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Genesis 20:13

    Genesis 20:13 Translations

    King James Version (KJV)

    And it came to pass, when God caused me to wander from my father's house, that I said unto her, This is thy kindness which thou shalt shew unto me; at every place whither we shall come, say of me, He is my brother.

    American King James Version (AKJV)

    And it came to pass, when God caused me to wander from my father's house, that I said to her, This is your kindness which you shall show to me; at every place where we shall come, say of me, He is my brother.

    American Standard Version (ASV)

    and it came to pass, when God caused me to wander from my father's house, that I said unto her, This is thy kindness which thou shalt show unto me. At every place whither we shall come, say of me, He is my brother.

    Basic English Translation (BBE)

    And when God sent me wandering from my father's house, I said to her, Let this be the sign of your love for me; wherever we go, say of me, He is my brother.

    Webster's Revision

    and it came to pass, when God caused me to wander from my father's house, that I said unto her, This is thy kindness which thou shalt show unto me. At every place whither we shall come, say of me, He is my brother.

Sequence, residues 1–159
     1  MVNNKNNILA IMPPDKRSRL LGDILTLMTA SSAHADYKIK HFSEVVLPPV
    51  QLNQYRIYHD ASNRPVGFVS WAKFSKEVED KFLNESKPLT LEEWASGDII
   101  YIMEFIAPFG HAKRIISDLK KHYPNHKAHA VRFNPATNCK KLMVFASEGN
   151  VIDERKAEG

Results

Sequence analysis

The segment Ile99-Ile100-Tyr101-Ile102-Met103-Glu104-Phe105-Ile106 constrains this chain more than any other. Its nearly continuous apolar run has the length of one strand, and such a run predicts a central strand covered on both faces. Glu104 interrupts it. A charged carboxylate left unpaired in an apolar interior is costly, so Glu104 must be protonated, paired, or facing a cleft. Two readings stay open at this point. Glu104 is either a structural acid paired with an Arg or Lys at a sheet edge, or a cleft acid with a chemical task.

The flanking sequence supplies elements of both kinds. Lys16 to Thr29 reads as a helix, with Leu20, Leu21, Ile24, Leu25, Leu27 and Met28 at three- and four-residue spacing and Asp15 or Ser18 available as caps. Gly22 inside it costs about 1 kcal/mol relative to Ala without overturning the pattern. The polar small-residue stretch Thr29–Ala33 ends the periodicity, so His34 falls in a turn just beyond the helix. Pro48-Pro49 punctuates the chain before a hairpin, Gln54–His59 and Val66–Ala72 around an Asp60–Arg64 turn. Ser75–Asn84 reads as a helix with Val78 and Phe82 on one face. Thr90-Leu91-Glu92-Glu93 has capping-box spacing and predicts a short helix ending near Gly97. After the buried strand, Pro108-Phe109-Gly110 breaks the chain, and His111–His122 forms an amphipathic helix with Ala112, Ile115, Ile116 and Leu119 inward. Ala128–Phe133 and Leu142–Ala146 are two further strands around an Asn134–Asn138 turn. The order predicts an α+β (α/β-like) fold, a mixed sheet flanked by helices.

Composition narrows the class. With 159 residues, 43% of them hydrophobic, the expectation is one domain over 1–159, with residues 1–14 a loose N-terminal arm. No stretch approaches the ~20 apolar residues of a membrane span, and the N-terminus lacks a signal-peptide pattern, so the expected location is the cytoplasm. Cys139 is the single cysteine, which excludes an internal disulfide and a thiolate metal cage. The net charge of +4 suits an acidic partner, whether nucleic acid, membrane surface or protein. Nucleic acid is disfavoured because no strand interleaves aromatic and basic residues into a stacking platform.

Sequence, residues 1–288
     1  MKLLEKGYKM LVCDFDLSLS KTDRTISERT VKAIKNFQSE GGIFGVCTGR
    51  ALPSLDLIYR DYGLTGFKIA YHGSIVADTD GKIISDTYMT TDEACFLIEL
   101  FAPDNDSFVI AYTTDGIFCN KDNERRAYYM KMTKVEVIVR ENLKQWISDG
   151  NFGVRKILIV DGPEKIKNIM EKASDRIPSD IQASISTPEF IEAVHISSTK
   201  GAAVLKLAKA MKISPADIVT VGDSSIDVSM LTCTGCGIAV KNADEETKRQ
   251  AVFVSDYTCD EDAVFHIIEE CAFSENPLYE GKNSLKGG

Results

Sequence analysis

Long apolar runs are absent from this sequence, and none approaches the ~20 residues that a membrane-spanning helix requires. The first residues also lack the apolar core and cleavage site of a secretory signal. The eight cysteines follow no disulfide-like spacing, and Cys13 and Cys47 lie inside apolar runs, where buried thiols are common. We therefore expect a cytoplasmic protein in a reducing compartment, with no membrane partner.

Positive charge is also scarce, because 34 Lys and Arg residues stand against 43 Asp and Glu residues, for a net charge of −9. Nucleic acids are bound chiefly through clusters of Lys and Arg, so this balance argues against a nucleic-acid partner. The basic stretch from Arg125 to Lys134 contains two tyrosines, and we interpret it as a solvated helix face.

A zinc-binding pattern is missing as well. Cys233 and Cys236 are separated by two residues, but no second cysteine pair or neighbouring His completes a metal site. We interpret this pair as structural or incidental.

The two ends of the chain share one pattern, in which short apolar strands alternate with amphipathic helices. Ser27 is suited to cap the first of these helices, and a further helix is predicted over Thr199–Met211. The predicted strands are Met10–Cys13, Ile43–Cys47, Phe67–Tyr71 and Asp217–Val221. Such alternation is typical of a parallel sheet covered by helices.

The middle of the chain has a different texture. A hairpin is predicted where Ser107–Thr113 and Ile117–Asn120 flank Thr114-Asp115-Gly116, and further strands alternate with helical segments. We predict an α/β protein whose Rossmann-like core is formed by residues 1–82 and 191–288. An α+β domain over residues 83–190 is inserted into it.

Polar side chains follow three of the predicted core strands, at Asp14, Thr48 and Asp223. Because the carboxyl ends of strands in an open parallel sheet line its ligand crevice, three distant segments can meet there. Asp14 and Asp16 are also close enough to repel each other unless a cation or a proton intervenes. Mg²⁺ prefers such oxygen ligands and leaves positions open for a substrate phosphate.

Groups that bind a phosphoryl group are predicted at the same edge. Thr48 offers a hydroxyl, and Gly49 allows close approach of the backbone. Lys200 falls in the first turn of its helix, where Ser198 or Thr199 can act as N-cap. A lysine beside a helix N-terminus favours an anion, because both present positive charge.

World English Bible

    It happened, when God caused me to wander from my father's house, that I said to her, 'This is your kindness which you shall show to me. Everywhere that we go, say of me, "He is my brother."'"

    English Revised Version (ERV)

    and it came to pass, when God caused me to wander from my father's house, that I said unto her, This is thy kindness which thou shalt shew unto me; at every place whither we shall come, say of me, He is my brother.

    Definitions for Genesis 20:13

    Whither - Where; which place.

    Clarke's Commentary on Genesis 20:13

    When God caused me to wander - Here the word אלהים Elohim is used with a plural verb, (התעו hithu, caused me to wander), which is not very usual in the Hebrew language, as this plural noun is generally joined with verbs in the singular number. Because there is a departure from the general mode in this instance, some have contended that the word Elohim signifies princes in this place, and suppose it to refer to those in Chaldea, who expelled Abraham because he would not worship the fire; but the best critics, and with them the Jews, allow that Elohim here signifies the true God. Abraham probably refers to his first call.